• ITVI.USA
    16,014.360
    14.660
    0.1%
  • OTLT.USA
    2.799
    -0.006
    -0.2%
  • OTRI.USA
    22.430
    0.240
    1.1%
  • OTVI.USA
    15,995.600
    10.280
    0.1%
  • TSTOPVRPM.ATLPHL
    2.930
    -0.020
    -0.7%
  • TSTOPVRPM.CHIATL
    3.620
    0.010
    0.3%
  • TSTOPVRPM.DALLAX
    1.330
    -0.040
    -2.9%
  • TSTOPVRPM.LAXDAL
    3.570
    0.020
    0.6%
  • TSTOPVRPM.PHLCHI
    2.390
    0.070
    3%
  • TSTOPVRPM.LAXSEA
    4.130
    0.020
    0.5%
  • WAIT.USA
    127.000
    0.000
    0%
  • ITVI.USA
    16,014.360
    14.660
    0.1%
  • OTLT.USA
    2.799
    -0.006
    -0.2%
  • OTRI.USA
    22.430
    0.240
    1.1%
  • OTVI.USA
    15,995.600
    10.280
    0.1%
  • TSTOPVRPM.ATLPHL
    2.930
    -0.020
    -0.7%
  • TSTOPVRPM.CHIATL
    3.620
    0.010
    0.3%
  • TSTOPVRPM.DALLAX
    1.330
    -0.040
    -2.9%
  • TSTOPVRPM.LAXDAL
    3.570
    0.020
    0.6%
  • TSTOPVRPM.PHLCHI
    2.390
    0.070
    3%
  • TSTOPVRPM.LAXSEA
    4.130
    0.020
    0.5%
  • WAIT.USA
    127.000
    0.000
    0%
Logistics/Supply ChainsNewsSponsored Insights

Hot M&A market plus delta variant equals unusual time in logistics

COVID-19 update with Vaughn Moore, president and CEO of AIT Worldwide Logistics

It’s safe to say that stakeholders across the supply chain imagined that by the third quarter of 2021, the capacity crunch facing air, sea and ground transportation would’ve loosened.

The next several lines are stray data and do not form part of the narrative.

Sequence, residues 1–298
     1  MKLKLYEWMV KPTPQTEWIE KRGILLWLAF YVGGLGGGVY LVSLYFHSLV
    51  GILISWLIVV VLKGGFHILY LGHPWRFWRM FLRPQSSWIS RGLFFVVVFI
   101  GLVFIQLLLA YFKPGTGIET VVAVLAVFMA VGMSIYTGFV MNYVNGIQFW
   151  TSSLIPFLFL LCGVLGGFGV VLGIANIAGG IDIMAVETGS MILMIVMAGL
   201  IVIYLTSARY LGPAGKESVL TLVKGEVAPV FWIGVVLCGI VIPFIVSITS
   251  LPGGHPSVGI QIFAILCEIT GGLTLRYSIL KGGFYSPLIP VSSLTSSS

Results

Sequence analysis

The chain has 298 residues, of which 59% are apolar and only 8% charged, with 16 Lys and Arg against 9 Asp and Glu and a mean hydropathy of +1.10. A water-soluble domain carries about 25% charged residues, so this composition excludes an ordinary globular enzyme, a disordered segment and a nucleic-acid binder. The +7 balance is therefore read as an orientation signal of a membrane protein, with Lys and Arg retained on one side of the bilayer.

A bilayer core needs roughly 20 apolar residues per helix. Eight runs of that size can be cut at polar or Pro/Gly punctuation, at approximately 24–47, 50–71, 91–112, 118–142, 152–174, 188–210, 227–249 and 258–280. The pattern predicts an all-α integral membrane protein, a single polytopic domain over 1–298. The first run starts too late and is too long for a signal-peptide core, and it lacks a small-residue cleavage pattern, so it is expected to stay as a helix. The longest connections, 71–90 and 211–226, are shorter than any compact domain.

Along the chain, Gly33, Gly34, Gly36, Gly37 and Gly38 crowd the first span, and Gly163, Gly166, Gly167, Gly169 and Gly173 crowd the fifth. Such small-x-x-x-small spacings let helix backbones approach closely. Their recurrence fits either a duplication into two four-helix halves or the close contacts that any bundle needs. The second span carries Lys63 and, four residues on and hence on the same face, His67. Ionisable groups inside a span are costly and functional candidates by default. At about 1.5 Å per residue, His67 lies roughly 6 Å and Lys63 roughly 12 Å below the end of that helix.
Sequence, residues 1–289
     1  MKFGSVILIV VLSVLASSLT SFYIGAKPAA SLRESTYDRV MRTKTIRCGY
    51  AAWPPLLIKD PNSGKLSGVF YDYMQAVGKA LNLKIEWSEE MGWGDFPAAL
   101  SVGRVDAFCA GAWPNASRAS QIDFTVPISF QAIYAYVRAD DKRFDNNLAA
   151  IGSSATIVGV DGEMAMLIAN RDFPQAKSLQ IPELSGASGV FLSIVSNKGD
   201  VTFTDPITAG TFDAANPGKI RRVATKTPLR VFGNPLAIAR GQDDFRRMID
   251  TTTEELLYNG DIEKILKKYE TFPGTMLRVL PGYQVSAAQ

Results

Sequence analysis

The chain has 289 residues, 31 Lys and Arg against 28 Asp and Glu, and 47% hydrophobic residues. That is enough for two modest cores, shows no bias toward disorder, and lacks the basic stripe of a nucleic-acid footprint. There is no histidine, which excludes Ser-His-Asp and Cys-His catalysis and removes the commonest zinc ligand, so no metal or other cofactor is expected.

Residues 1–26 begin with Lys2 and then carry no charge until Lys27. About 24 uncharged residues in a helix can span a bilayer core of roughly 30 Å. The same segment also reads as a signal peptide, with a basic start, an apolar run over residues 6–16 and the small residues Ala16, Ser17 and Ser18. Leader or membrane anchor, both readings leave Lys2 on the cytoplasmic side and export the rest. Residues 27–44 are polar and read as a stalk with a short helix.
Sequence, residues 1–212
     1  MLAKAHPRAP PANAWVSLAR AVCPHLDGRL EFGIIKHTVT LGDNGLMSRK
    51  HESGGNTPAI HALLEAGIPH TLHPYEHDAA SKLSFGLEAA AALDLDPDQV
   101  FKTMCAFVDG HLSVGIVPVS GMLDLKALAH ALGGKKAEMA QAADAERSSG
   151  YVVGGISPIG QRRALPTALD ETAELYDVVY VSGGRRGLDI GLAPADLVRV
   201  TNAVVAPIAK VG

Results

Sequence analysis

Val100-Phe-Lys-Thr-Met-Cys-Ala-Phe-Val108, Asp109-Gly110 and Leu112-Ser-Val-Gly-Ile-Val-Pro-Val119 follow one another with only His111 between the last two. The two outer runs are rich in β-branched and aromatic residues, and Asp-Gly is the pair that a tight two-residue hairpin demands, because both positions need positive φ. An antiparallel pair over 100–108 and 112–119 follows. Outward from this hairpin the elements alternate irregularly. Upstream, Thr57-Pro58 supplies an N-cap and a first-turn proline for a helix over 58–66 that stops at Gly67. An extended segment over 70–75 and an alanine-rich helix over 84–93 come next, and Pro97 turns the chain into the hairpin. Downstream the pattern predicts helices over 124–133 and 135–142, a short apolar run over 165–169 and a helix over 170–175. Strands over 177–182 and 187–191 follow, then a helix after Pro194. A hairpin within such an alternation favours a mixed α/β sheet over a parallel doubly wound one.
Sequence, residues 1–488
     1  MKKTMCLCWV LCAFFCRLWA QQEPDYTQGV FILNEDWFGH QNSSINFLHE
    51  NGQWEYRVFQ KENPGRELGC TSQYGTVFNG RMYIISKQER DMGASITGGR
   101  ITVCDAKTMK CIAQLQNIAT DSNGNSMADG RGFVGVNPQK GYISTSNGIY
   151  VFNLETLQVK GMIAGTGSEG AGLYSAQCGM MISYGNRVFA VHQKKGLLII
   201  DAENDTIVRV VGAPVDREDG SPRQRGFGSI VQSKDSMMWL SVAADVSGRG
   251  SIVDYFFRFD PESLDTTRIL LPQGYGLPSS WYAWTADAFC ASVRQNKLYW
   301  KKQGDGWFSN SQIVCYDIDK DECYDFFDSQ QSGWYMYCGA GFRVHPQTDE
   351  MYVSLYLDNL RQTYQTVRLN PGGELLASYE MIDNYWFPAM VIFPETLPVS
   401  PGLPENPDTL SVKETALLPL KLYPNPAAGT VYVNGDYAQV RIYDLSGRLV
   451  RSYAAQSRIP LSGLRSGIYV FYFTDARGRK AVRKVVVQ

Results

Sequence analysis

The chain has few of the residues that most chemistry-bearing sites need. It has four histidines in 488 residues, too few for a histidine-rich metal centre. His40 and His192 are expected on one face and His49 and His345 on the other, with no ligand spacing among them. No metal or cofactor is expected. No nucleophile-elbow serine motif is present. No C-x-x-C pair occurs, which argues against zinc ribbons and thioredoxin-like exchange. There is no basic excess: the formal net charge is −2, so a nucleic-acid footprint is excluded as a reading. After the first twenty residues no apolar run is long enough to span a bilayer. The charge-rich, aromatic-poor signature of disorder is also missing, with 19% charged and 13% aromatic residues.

“We’re all trying to do our best to be prognosticators, as industry veterans are even surprised by what’s going on right now,” said Vaughn Moore, president and CEO of AIT Worldwide Logistics. “We won’t see any real solution to it until Q2 of next year at the earliest.”

With the delta variant of COVID-19, the industry is vigorously planning for potential shutdowns, while still working to get people back into the office. As companies work to protect their customer and employee bases, the only industry outcome Moore sees the delta variant causing thus far is uncertainty.

Moore calls this current time in the industry “unusual,” as it’s also the hottest market for mergers and acquisitions. AIT itself, a freight forwarder with more than 85 locations across the globe, has made seven acquisitions in the past three years, the most recent of which is Austin, Texas-based Intelligent Logistics. 

“People are seeing the value of a logistics company being able to weather the storm through a recession or a pandemic,” said Moore. “Many companies have performed well and they’re poking their heads up and saying, ‘If I’m ever going to sell, maybe this is the time to do so.’ This does mean higher multiples for companies, but at the same time, if it’s something that can be of value to companies, the timing is still good.”

Corrie White

Corrie is fascinated how the supply chain is simultaneously ubiquitous and invisible. She covers freight technology, cross-border freight and the effects of consumer behavior on the freight industry. Alongside writing about transportation, her poetry has been published widely in literary magazines. She holds degrees in English and Creative Writing from UNC Chapel Hill and UNC Greensboro.

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